|Will we all have to wear clothing with patterns like|
this to fend of advertisers who use face recognition
technology to make pitches to us?
There's a building demand for technology that would use face recognition to determine, say, what kind of mood you are in when you go into a store. That would help determine what kind of sales pitch you get.
An example of this brave new world is in China, where a KFC uses face recognition technology to figure out people's gender, age and mood to make recommendations of what to order.
Facebook is experiment with face recognition to help its dreaded algorithms determine what users want to do, and to target advertising, of course. Google Face Unlock allows users to get into their Android devices without using a password or other inconvenient method.
Sounds great, until you realize that it'll seem like everywhere you go, marketers will use face recognition on you to target advertising. You can imagine governments using it to figure out what you do, where you go and who you're with for "law enforcement."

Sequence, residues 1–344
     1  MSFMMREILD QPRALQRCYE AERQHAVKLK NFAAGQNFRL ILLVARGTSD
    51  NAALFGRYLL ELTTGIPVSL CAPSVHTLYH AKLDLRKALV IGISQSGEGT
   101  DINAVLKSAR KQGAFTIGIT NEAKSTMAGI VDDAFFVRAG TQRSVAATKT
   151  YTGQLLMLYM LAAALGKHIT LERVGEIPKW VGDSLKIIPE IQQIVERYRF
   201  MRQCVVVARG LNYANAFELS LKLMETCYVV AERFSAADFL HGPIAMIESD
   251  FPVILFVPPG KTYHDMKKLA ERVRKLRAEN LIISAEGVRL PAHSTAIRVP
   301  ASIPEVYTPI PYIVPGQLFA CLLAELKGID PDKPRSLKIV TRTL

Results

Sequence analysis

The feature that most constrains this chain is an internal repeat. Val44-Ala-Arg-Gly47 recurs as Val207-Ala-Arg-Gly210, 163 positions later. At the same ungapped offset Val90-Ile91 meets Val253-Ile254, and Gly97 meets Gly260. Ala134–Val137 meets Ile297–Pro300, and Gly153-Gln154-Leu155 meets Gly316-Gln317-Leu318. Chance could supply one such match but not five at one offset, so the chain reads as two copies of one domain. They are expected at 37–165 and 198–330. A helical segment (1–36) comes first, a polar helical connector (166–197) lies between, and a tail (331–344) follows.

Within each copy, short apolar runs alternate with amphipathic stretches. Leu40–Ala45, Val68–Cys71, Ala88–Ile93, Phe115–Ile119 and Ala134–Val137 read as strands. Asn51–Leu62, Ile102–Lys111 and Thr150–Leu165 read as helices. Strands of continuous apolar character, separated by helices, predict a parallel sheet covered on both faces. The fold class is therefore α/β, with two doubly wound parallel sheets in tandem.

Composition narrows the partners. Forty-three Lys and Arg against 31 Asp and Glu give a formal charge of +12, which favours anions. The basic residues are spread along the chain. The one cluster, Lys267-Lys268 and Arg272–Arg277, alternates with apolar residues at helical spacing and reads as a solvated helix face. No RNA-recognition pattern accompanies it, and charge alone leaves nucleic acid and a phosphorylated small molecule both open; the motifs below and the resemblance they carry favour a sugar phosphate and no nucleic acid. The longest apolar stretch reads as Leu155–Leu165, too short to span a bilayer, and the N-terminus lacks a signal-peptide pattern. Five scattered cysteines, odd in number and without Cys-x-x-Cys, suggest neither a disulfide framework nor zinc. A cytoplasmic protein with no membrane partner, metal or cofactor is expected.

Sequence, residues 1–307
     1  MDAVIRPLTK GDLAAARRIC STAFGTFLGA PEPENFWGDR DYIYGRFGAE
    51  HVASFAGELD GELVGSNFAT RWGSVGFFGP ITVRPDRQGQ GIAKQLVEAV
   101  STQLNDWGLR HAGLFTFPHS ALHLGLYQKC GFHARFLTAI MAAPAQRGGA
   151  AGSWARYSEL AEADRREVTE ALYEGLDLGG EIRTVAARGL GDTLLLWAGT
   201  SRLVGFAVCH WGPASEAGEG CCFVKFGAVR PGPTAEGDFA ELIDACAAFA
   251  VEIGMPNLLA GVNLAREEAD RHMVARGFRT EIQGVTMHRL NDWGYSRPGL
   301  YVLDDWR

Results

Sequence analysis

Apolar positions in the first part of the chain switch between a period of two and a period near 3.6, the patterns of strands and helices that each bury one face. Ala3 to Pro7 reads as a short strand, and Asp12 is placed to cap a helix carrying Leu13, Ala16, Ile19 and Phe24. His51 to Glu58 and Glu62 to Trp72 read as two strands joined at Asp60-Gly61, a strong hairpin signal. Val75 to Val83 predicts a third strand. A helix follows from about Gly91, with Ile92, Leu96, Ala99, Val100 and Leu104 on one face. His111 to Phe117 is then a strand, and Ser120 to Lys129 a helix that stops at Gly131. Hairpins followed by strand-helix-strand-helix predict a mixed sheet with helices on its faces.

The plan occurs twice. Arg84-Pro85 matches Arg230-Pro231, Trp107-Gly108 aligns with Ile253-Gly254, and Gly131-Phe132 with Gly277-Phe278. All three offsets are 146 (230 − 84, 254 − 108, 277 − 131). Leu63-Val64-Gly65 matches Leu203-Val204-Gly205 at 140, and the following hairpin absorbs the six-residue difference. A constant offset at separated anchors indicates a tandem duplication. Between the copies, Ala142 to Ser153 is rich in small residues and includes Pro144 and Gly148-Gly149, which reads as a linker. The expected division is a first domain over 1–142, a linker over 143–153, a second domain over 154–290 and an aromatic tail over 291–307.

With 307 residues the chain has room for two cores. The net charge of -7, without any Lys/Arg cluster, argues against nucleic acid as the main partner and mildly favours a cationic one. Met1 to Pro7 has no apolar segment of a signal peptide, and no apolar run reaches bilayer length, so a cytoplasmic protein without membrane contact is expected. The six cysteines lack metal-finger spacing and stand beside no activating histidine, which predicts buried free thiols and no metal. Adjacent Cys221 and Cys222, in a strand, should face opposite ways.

You can see how some people would be weirded out in terms of privacy and just general creepiness.
So it's come to this: An artist and technology geek in Berlin has come up with a line of clothing to confuse facial recognition devices, says The Guardian.
The artist, Adam Harvey, calls the project Hyperface.
According to The Guardian:
"They Hyperface project involves printing patterns on to clothing or textiles, which then appear to have eyes, mouths and other features that a computer can interpret as a face. "
Harvey said Hyperfine is about "overloading the algorithm with what it wants, oversaturating an area with faces to diver the gaze of the computer vision algorithm."
The artist has also previouslyk come up with hairstyles and makeup people can adopt to confuse face recognition technology.
Yes, it's coming to this. We have to wear special clothes and makeup just to avoid the constant bombardment of marketing we experience all the time.
It's fine to advertise, yes. But must 100 percent of our lives be taken up by fending off the marketing department?